“Filmy” is a word that is often used to describe something where things are stretched almost to the point of disbelief. It comes from the expectation of watching a Bollywood movie where actions and emotions are so fleshed out to the point like you feel you’re being force-fed a dish with very strong flavours. You could perhaps think of it like your grandmother’s mango pickle.
Every once in a while, however, you’re served up a dish where all the flavours are so well-balanced that you come away feeling satisfied, knowing that the chef trusted you enough to appreciate the individual components that went into the dish to make it beautiful.
This is how I felt as the credits rolled on “Tumhari Sulu” – a feel-good movie revolving around the life and struggles of a simple middle class home-maker, her aspirations and the society around her. It has all the ingredients of a “small town girl against the big bad world” cringe fest that we’ve come to expect from Bollywood. What you get, however, is a surprisingly powerful, well balanced, just-enough-nonsense charmer.
Sulochana, played by Vidya Balan is the family black-sheep, youngest-of-three sisters and now a middle class home maker. Together with her factory-admin husband and naughty son they have struggled to carve out a cozy little existence in the maximum city of Bombay. Being constantly put down by her over-achieving sisters, she looks out for ways to score little “wins” to keep herself motivated.
The casting in the movie is near-perfect with a lot of fresh faces. Neha Dhupia as the classy head of operations at a radio station provides some wonderful heart warming moments of support. Manav Kaul as Sulu’s husband carries his world on his shoulders, enduring all the middle-class struggles both with family and work. Ayushmann Khurrana as himself plays a sweet cameo solidifying the plotline.
However, Vidya Balan shoulders the movie and has delivered one of her most memorable performances. In a way only she can do it, you find yourself rooting for her character within the first few minutes of the movie. It is very easy to take “bubbly” to the point of it being annoying, but Ms Balan has nailed every single scene with her smile and inimitable expressions.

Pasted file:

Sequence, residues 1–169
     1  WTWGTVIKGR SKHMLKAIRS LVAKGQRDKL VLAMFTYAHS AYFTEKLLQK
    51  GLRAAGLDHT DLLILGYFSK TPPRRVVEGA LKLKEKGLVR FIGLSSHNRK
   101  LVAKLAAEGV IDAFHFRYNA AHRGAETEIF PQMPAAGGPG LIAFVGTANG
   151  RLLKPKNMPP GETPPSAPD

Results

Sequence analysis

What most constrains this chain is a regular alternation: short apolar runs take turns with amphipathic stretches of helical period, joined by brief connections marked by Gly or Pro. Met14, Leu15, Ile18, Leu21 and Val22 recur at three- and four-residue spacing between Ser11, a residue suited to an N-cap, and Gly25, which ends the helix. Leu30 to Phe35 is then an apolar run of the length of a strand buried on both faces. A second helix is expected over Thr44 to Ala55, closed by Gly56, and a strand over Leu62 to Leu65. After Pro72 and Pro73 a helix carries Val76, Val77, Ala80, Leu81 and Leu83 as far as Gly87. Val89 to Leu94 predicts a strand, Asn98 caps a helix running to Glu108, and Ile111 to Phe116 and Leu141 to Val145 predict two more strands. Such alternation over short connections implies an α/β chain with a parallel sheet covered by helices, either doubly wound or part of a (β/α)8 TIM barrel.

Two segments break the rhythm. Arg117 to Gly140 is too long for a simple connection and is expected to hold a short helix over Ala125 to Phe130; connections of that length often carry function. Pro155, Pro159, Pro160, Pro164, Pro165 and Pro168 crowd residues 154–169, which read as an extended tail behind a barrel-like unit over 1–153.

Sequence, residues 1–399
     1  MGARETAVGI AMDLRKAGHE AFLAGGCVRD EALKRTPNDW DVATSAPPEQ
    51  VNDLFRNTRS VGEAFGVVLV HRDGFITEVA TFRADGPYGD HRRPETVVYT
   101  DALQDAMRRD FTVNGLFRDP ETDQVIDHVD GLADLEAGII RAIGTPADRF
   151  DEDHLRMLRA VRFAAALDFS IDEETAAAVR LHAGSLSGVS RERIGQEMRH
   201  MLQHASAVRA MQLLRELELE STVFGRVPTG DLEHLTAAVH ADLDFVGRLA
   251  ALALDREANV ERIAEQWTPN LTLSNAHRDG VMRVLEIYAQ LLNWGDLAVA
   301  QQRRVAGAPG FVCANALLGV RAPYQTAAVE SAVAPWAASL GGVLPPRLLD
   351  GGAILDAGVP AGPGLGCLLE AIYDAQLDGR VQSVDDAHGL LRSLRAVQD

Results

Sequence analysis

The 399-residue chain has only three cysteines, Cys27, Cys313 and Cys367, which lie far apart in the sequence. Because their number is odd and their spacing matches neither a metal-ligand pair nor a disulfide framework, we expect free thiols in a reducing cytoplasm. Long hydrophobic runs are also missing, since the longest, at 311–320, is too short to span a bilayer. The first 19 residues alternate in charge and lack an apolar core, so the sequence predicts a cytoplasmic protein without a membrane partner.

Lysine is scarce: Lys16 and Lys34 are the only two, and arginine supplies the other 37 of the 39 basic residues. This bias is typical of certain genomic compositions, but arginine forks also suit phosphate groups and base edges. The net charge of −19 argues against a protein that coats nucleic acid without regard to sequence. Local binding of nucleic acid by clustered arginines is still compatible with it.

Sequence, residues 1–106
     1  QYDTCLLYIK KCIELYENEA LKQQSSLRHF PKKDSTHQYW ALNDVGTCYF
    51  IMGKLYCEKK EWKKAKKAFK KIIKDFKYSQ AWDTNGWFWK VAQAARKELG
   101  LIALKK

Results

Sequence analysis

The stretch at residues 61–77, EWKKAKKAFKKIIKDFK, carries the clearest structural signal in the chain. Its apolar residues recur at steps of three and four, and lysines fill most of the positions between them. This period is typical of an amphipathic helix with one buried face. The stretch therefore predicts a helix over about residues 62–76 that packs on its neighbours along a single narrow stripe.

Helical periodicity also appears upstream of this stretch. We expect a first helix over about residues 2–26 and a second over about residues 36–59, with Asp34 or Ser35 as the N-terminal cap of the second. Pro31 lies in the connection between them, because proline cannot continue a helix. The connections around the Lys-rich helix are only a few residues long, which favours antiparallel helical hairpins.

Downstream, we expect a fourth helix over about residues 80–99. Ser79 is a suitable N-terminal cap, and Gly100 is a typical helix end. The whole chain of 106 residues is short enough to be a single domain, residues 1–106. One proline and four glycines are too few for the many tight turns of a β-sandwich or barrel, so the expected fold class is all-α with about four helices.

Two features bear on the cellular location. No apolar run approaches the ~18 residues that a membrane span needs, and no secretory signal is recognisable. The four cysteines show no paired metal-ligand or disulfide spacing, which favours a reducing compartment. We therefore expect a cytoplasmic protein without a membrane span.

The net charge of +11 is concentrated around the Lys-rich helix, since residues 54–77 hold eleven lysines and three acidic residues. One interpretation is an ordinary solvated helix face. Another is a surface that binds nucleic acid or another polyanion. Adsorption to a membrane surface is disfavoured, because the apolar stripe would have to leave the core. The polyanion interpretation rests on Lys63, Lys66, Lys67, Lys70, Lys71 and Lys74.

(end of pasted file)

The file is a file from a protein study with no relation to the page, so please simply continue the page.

The movie differs from the other usual feel-good fares as there’s no blatant tragedy that the main character has to overcome to start the redemption arc and to come away as “winning”. There are no histrionics and people don’t break into unexpected song-and-dance. The emotions, whenever on display are raw, powerful and importantly, very intelligent with its subtlety. You find yourself rooting for Sulu, you will empathise with the difficulties in her family and you will hate the naysayers with a vengeance.
This brings me back to the point I was making about subtlety. Tumhari Sulu is a wholesome fare that you can enjoy immensely without feeling like a fanboy. You come away thanking the director and editor for respecting your ability to feel emotions without being told which one to feel. I strongly suspect this isn’t something the “masses” might want, especially those who need a serving of their grandmother’s mango pickle with every dish.
To them I say, please stick to watching Prem Ratan Dhan Payo. Take a bow, director Suresh Triveni – looking forward to more of such endearing stories.